A year ago I was invited to attend LE Miami, the luxury travel show. The event has a partnership with American Excursionist who organise bespoke tours designed by experts and led by local personalities. I went on their Little Havana Cultural Immersion tour, led by a cultural anthropologist, which took me to Calle Ocho to experience el calor Latino.
Our first stop was La casona de la sagüesera, the home of the identical twin Cuban artists, Ronald and Nelson Curras, who work in ceramics and have transformed their house into a living piece of art. La sagüesera, I was told, is Spanglish for “southwest.”
Throughout the home–which may be turned into a museum one day–are images of O’ Shun, the most popular of the orishas (spirits) in santería, the religion that developed in the African slave communities of the Cuba’s sugar plantations by adopting elements of Spanish-imposed Catholicism while maintaining beliefs from Africa, primarily those of Nigeria’s Yoruba tribe.
Incorporated into the murals and mosaics throughout the house are frequent images of sunflowers–the presence of which in Cuban art invoke O’ Shun.
I just loved the energy and colour of La casona de la sagüesera and feel very lucky to have been invited inside.
Leith never used to be so cool; in fact it was a pretty bad neighbourhood when I lived in Edinburgh, just a few years after Trainspotting, which was set there, was made into a movie.
Now, the area is filled with hip bars (like Boda Bar above) and shops and is home to some really interesting festivals, particularly the arts festival LeithLate. One of LeithLate’s initiatives is the Shutter Project and Mural Project, which brings street artists to the area to paint shop shutters and other vacant spaces. This mural below was one of my favourites. Painted by Guido van Helten, it depicts one of the last surviving members of the 1915 Quintinshill rail disaster in his old age. 200 men lost their lives in the disaster — the worst rail crash in the United Kingdom. Most of them were soldiers from the Leith Battalion heading to Gallipoli.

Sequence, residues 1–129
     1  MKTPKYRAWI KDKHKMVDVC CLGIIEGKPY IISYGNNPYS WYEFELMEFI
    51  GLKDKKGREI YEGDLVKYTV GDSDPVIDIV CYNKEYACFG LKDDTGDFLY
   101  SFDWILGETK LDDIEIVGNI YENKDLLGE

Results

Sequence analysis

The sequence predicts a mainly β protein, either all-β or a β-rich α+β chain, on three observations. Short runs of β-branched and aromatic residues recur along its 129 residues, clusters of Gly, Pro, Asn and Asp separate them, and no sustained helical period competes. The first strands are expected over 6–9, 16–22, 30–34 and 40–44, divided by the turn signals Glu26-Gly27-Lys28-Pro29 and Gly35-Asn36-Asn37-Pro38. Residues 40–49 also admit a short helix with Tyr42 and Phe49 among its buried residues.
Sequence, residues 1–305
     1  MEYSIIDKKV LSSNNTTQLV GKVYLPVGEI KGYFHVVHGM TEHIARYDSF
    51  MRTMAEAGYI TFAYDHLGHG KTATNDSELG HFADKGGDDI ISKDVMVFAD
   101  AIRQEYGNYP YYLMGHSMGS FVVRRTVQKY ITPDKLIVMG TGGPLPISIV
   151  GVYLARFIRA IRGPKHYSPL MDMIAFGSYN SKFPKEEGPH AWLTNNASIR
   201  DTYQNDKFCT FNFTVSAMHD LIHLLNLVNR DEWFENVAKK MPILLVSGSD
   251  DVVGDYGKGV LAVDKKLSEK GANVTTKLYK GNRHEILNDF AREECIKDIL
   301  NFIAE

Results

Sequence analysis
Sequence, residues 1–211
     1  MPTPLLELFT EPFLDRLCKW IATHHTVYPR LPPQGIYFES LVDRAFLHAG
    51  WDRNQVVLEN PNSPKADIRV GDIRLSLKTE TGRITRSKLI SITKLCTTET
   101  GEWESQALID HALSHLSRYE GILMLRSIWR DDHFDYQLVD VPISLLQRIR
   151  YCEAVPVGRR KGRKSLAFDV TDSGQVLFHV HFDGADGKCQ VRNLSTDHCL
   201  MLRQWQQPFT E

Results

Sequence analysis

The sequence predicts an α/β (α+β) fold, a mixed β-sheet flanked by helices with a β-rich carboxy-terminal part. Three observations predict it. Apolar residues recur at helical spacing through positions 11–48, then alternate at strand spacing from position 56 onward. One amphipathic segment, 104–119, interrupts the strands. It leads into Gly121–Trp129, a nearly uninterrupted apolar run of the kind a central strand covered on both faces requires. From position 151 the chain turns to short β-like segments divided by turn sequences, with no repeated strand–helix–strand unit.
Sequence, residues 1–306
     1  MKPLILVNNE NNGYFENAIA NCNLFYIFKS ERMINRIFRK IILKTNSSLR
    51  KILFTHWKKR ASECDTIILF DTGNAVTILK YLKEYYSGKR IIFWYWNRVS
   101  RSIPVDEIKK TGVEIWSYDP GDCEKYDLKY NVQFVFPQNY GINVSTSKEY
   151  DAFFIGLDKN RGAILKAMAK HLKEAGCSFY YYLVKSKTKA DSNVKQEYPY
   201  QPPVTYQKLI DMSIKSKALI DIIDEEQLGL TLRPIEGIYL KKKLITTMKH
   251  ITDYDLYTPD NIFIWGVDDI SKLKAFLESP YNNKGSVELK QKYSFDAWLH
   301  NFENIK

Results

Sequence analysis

There are murals throughout the neighbourhood, including this one by Skint Richie on the shutter of Origano. But to see them, you need to get there early, before the shops open for business and the shutters go up.
When I look back on the summer I spent working in Reykjavík I always feel foolish that I spent so little time outside of the capital. I was busy and consumed by my own little life, but it is ridiculous that I lived in Reykjavík from June to August 2006 without seeing very much of the country.
I attempt to redress this by taking advantage of Icelandair’s free stopover on my once/twice yearly trips home to Scotland from my current home of New York City. Like taking small sips of fresh Icelandic air, I rent a car in Reykjavík and try to gulp down as much as I can with the few days I allow myself before heading back to the real world — and the filthy air and grime of New York City.
My most recent trip, in early May, took me onto Route 1 and to the black sand beach of Vík in the southwest of the country. A late learner and always a nervous driver, I feel strangely calm driving on the Icelandic roads. Once out of the city, as the otherworldly landscape begins to reveal itself, I perhaps find myself a little too relaxed, frequently slamming on the brakes to to a photo of some jagged mountain, shimmering waterfall or cute horse. It’s usually OK, once out of the city I am often along on the road for as far as I can see.
I went (back) to Puerto Rico last month and saw some amazing street art, primarily around the Santurce area. As well as beautiful art works, these pieces were really striking for their thought-provoking takes on such themes as imperialism, capitalism. Continue reading “The Street Art of San Juan, Puerto Rico”→
In May 1975, Kjartan Ragnarsson and Guðrún Ásmundsdóttir shot a slightly schlocky love scene for Iceland’s first ever feature film, Morðsaga (Murder Story). As Guðrún, playing a bored housewife, fantasises about ripping off the shirt from Kjartan’s, playing a plumber, chest, she cries out: “Take me here, by the dishwasher!” Legend has it that the day after the scene was filmed, the performance artist Ragnar Kjartansson was conceived. Continue reading “Ragnar Kjartansson at the New Museum: Me, My Mother, My Father, and I”→
I’m sitting in what I’m told is a “locals’ bar” in the Middle Keys while a musician sings “Wouldn’t want to be president, that’s too much stress. I just wanna be on an island, maybe just off Key West.” Around me more than one smiling, sunkissed older man is wearing a t-shirt that says “Sell Your Stuff, Keep the Dog, Move to an Island.”Continue reading “Paradise Found in the Florida Keys”→
Scandinavia House, on Park Avenue near Grand Central, is one of my favorite under-the-radar places in New York City. It’s almost always quiet, never busy, has a great (but pricey) Nordic café named Smörgås Chef; and shows excellent films and free art exhibitions. Continue reading “Sami Stories at Scandinavia House”→